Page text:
I hate wraps...
     
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  12. Jester1167

    Jester1167 Premium Subscriber

    If this is your first one, you are better off with Avery 1105 and matching lam. It is a lot more forgiving. Oracal 3951RA in the past was a lot more aggressive and it sucks to remove especially beyond 4 years. The proslide version may be better, but after fighting Oracal and a nightmare removing two 4-year-old vans, I will never use it again. Just my opinion.

    With your inexperience removing the screws is probably a good idea. With your winters the screws will tent, crack and fail in 2 to 3 years anyway. Rivets are about a third of the height and will last longer, and are quick and easy with a RollePro.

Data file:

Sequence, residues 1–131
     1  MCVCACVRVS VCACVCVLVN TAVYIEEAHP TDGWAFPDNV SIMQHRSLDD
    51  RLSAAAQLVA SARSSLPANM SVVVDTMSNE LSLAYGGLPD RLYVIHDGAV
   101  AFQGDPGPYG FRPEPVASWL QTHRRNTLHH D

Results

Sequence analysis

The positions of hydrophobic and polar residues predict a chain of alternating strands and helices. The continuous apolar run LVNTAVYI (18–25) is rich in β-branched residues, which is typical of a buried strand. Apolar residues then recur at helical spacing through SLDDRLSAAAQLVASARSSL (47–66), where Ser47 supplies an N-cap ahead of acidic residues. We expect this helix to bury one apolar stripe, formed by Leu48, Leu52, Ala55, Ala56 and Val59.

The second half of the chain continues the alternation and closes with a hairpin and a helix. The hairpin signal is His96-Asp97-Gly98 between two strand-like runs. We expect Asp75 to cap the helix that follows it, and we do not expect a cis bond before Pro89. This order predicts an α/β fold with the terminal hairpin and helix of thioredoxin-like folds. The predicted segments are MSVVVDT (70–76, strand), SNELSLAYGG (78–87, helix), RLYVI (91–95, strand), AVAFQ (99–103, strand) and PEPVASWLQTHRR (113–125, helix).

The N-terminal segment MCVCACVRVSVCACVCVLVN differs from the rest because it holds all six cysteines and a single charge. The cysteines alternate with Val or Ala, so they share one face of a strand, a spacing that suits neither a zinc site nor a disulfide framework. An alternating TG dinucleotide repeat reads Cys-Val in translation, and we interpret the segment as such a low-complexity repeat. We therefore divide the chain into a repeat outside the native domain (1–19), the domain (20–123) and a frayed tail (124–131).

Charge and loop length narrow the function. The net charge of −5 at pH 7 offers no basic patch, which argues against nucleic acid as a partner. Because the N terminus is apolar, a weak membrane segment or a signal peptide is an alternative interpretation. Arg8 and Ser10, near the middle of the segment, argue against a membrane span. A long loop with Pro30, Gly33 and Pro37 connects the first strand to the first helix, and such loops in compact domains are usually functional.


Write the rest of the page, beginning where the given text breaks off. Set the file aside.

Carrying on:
By the way, your smart avoiding vehicle (cars and vans) wraps, trailers, not so much. There are lots of more profitable areas in this business.
     
  13. Texas_Signmaker

    Texas_Signmaker Very Active Signmaker

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    I removed anything related to vehicle graphics from my website a few years ago and haven't looked back since. Like JBurton said... you'll be in the middle of a wrap wondering why the **** am I torturing myself?? There is so much easier $$ to be made. The only wraps I do anymore are for one long-time customer and I'm at the point where I think I want to start phasing that out.
     
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  14. Christian @ 2CT Media

    Christian @ 2CT Media Major Contributor

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    You are at the really High End of the market (From what I have garnered across the country), and I like it. Pushing up the value of wraps and de-commoditize them to capture the marketing power of their asset is essential. Our market has gone from averaging $7ish /sqft to now a lot of the larger shops are pushing $11+.